Leeds United were in no way sad to see the back of Craig Mackail-Smith on Friday but the striker met his match in Paddy Kenny and the mind-games waged by the charismatic goalkeeper.
Last week’s animated meeting between Brighton and Leeds belonged in large parts to Brighton and to Mackail-Smith in particular – the scorer of two goals and the player who troubled United’s defence most. But he struggled to raise a smile at the final whistle after his missed penalty allowed Leeds to leave the south coast with a 2-2 draw.
The former Peterborough forward was denied by his own lack of conviction and Kenny’s reaction in diving to his right to smother a tentative effort on 74 minutes. Kenny earned due acclaim afterwards and credited himself with tempting Mackail-Smith to abandon his usual penalty tactics.
Earlier in the game, Mackail-Smith had beaten Kenny from the spot after Lee Peltier tripped Will Buckley in the 15th minute. A firm finish down the middle of Kenny’s goal flew into the net as the keeper dropped to one side.
Kenny had watched both of Mackail-Smith’s previous penalties and seen him use the same strategy. Later in the first half, he took an opportunity to tell the forward that he would be wise to a similar effort if Albion were awarded a second penalty.
The psychological trick told in Mackail-Smith’s failed attempt to win a game tied which was tied at 2-2.
Kenny said: “I’d actually told him after he scored his first one that I knew he was going to send it down the middle.
“I’d seen his last two penalties and I said to him that the next time he hit one he was going to have to go to one side. Luckily enough I guessed right and got the save.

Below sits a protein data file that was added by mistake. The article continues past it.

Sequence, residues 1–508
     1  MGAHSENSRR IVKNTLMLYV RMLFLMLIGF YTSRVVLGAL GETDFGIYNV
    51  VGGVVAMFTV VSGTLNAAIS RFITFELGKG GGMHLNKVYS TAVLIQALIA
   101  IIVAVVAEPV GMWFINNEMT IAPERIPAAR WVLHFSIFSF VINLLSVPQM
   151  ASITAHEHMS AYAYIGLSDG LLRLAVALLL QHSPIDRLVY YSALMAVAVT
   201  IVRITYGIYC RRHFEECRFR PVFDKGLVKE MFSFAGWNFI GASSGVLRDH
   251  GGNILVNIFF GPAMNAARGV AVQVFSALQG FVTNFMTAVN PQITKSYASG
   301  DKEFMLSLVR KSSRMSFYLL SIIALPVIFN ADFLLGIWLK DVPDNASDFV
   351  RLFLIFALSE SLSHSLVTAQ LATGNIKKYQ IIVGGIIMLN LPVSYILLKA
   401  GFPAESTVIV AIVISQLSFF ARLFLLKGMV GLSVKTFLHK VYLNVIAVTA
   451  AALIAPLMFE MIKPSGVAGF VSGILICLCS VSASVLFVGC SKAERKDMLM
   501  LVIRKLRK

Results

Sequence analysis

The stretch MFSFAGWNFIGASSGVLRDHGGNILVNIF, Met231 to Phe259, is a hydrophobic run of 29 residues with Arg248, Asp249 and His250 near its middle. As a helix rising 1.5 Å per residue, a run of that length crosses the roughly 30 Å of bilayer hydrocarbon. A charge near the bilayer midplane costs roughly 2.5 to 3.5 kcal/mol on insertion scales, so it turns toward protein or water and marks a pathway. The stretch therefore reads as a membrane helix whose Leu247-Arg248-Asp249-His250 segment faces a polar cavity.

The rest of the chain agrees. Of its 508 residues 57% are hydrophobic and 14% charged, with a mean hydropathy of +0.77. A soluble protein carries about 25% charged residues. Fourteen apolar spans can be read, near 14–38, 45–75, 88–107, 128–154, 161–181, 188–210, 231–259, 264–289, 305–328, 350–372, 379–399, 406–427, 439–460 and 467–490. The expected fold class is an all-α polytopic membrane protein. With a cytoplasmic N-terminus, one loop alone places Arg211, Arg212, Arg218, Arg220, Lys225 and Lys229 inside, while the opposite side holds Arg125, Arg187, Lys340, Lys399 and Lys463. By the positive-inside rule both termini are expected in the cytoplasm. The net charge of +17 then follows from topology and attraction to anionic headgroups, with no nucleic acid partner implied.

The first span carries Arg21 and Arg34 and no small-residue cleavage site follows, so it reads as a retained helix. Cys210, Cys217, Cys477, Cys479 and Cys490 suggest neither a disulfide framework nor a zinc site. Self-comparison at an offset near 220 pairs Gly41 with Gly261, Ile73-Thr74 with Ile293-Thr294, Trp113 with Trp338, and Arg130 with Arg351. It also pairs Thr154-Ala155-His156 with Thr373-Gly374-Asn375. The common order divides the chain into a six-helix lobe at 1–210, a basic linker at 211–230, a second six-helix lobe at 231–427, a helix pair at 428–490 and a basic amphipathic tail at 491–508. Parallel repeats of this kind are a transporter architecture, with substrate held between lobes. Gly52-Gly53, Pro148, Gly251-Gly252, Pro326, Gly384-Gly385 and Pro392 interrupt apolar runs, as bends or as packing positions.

“Sometimes it comes down to things like that. I put something in his mind and I’ve gone the right way. I was happy with that.”
It was one of two critical saves made by Kenny as Leeds soaked up a final spell of pressure in a Championship fixture which Brighton dominated heavily.
The keeper was called upon in injury-time to beat away a strike from substitute Andrew Crofts after a cross from the left wing caught United’s defence in disarray.
Like Mackail-Smith before him, Crofts held his head in his hands as a glaring chance went begging.
“It was within reaching distance of me,” Kenny said, “but I’m pleased that I made it because I didn’t think we deserved to lose. Not with the way we battled.”
United’s manager, Neil Warnock, knew from the moment he signed Kenny in July that the keeper would serve him well on nights when Leeds were forced to rely on his shot-stopping ability.
Warnock sold Andy Lonergan to help finance the £400,000 signing of Kenny from Queens Park Rangers and in spite of the odd mistake made by his established number one this season, has not had cause to regret that exchange.
It surprised Warnock that QPR and their manager, Mark Hughes, were willing to sell Kenny and replace him with Rob Green and latterly Julio Cesar.
The 63-year-old previously described Kenny as the “best keeper in the Premier League, never mind the Championship” and was not about to change his opinion after United’s frantic draw at the Amex Stadium.